Why it’s vital for carers to know their rights
There are millions of people in the UK who care for others without being paid. While many of these people wouldn’t necessarily think of themselves as ‘carers’, they provide unpaid support to their elderly, sick or disabled family or friends and are therefore entitled to certain rights. Today on Carers Rights Day, we’re highlighting the need for all carers to know and understand their rights and to be aware of the support available to them, as Rosemary Newman of the carers support organisation Kingscare in Newton Abbot explains.
Who is a carer?
“A carer is someone who provides unpaid care for a spouse, relative, friend or neighbour who, due to disability, frailty, illness and/or vulnerability cannot manage alone. The carer may or may not live with the person they care for, and they can be of any age.”
Understanding carers’ rights
“Whether someone has recently become a carer or has been caring for someone for many years, it’s crucial that they understand their rights, so that they can access the support that is available to them as soon as they need it, and so that they can challenge things if their rights are not being met.”
Registering as a carer
“At Kingscare, we encourage everyone in a caring role to register as carers with their GP if they haven’t already done so, because local GP surgeries can provide support on a number of things including health and mental health issues, annual flu jabs, general information and advice, and they can also offer flexible appointments. In addition, it’s worth applying for a carers card, as the card can be used to access a wide range of benefits and discounts, including subsidised parking at hospitals and discounts in hospital restaurants etc. You can register for a carers card/passport with Devon Carers and Torbay Carers Service also provides a wealth of information and support for carers.”
“Our role at Kingscare is to empower carers by providing them with information and support on a wide range of topics including benefits advice, wellbeing, mental health, dementia, hospital discharge, transport, legal issues and power of attorney, shopping and computers. Anyone can ring for support and advice and we’re always happy to help, or they can pop in and we’ll help in whatever way we can; sometimes it’s just about listening and support.”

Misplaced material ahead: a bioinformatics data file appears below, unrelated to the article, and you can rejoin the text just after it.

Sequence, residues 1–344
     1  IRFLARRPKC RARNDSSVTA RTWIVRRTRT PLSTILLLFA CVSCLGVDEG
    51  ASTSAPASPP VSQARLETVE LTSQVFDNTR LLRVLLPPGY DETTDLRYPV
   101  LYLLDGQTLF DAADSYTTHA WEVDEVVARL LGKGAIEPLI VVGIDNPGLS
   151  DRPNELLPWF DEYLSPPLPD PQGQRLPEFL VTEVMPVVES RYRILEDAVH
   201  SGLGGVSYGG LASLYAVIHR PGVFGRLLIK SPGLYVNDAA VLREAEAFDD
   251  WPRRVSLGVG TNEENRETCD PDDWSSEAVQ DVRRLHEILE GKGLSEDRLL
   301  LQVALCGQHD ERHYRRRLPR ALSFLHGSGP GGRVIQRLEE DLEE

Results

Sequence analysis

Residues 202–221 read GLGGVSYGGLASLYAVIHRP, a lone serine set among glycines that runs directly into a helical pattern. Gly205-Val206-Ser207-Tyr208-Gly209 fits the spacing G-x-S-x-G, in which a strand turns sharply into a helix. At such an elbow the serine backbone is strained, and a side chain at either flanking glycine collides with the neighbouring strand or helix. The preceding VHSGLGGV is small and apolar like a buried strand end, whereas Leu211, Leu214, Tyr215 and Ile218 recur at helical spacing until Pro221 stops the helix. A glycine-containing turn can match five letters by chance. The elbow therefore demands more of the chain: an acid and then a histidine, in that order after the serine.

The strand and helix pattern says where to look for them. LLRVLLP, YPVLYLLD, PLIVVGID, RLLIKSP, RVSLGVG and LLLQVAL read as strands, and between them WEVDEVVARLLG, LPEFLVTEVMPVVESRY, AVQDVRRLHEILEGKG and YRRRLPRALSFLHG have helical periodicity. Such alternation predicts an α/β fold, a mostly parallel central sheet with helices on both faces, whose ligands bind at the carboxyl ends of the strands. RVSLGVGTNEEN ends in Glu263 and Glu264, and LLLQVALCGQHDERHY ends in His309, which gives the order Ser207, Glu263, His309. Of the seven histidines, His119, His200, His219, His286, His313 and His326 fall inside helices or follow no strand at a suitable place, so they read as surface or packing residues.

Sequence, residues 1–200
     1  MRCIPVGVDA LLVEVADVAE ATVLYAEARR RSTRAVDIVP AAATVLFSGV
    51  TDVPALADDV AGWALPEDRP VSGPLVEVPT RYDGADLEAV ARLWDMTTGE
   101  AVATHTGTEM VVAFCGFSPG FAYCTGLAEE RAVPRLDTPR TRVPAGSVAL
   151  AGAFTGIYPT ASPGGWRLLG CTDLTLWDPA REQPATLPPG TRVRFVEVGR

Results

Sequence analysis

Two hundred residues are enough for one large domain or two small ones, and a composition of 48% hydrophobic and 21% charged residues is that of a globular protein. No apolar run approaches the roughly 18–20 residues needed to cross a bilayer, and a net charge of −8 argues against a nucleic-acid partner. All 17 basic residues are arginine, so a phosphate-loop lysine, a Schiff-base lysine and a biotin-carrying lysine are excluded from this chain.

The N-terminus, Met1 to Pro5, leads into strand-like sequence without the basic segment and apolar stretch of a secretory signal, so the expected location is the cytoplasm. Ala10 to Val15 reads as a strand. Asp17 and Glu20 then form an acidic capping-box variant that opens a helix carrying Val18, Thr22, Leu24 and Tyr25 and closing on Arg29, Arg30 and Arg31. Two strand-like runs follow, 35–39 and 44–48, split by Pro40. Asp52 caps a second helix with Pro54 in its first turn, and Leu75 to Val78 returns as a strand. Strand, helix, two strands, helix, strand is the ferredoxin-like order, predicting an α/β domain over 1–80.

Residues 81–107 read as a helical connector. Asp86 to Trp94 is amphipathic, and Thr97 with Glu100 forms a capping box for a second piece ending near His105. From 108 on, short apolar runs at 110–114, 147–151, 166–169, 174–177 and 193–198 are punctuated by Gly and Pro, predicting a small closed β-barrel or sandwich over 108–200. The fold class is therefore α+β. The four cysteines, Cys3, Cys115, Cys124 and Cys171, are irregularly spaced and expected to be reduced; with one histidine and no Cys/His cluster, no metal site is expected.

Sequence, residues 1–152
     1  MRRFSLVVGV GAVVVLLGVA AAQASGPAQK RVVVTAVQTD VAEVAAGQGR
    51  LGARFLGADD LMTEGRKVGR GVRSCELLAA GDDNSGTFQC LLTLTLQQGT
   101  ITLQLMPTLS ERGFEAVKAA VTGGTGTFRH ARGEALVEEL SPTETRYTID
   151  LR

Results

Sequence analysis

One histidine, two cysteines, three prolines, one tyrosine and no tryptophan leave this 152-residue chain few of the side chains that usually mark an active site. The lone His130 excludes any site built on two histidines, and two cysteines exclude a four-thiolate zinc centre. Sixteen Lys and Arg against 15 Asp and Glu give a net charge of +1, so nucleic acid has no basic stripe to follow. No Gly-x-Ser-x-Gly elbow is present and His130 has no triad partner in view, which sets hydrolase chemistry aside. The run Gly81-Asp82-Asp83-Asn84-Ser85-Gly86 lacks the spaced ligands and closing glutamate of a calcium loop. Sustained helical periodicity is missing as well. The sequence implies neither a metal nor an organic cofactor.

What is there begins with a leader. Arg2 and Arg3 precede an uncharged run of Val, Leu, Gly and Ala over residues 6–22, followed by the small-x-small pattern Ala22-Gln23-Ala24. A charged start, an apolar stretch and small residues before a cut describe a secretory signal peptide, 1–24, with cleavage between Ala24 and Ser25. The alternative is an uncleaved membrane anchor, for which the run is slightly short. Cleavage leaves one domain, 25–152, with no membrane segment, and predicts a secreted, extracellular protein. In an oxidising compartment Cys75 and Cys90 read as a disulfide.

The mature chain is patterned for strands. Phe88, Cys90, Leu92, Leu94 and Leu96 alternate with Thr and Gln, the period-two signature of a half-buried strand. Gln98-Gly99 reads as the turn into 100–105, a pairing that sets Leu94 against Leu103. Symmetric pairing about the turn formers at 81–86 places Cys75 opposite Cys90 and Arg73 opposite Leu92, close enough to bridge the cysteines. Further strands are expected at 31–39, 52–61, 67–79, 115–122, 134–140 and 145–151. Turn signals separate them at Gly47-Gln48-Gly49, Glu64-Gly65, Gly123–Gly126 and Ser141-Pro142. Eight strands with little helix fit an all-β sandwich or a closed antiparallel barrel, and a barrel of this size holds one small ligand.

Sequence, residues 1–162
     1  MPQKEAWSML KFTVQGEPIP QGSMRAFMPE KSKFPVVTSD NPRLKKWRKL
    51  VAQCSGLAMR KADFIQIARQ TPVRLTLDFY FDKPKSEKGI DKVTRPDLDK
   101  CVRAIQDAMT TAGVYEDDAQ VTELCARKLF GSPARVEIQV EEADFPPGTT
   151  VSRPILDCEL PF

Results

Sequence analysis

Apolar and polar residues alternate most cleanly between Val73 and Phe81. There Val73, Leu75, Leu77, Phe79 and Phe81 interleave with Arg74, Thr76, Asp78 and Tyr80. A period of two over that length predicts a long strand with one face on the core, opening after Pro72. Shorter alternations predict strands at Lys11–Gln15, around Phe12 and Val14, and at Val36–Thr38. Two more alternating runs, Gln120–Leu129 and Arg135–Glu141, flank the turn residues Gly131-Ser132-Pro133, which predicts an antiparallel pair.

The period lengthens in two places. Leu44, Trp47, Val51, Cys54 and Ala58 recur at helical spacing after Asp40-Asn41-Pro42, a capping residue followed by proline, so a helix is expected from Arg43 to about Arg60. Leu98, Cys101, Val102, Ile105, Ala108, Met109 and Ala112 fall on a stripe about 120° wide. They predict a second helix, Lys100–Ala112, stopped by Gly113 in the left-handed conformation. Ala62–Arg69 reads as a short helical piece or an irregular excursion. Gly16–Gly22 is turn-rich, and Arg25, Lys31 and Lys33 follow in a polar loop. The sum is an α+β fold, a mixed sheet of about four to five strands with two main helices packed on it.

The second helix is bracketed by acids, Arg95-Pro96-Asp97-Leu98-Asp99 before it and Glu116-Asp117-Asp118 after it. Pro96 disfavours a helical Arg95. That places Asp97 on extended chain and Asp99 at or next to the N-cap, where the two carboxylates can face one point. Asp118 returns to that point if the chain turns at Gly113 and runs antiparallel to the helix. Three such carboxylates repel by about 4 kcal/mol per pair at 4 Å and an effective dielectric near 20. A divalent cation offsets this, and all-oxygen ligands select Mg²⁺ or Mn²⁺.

“We also run three carers groups that offer a safe space for carers to get together to share feelings without judgement. I run a carers group called ‘Time For You’ – its aim is to bring carers together to have a little bit of fun, gain information, share feelings and experiences, and to seek advice on anything that’s troubling them. All carers are welcome to come along. We also run two other carers’ support groups: ‘Dementia Carers’ and ‘Mental Health Carers’. For some carers who are overwhelmed or isolated, attending a regular group offers a lifeline as a vital support network.”
“The carers also have the opportunity to hear from guest speakers on subjects related to caring. We’re delighted that Catherine Hughes from Rowcroft’s Education Team is joining the group today to help people recognise what options they have around advance care planning (ie encouraging people to plan ahead for the future, for example by drawing up a will or considering their wishes for before and after death), and to offer support and advice in how to open these conversations with their loved ones. Research shows us that advance care planning can impact positively on family members’ grief going forward because many of the decisions have already been made. If the time comes when someone can no longer make decisions for themselves, the people surrounding them know what they would have wanted.”
Advance care planning
For further information about advance care planning, please see Rowcroft’s ‘Planning for the Future’ Hub which includes information on: having conversations, advance decisions to refuse treatment, planning for the future and Treatment Escalation Plans, lasting power of attorney, supporting someone with a learning disability, supporting young people and children, making a Will, preparing digital assets, planning a funeral, and organ/corneal and tissue donation.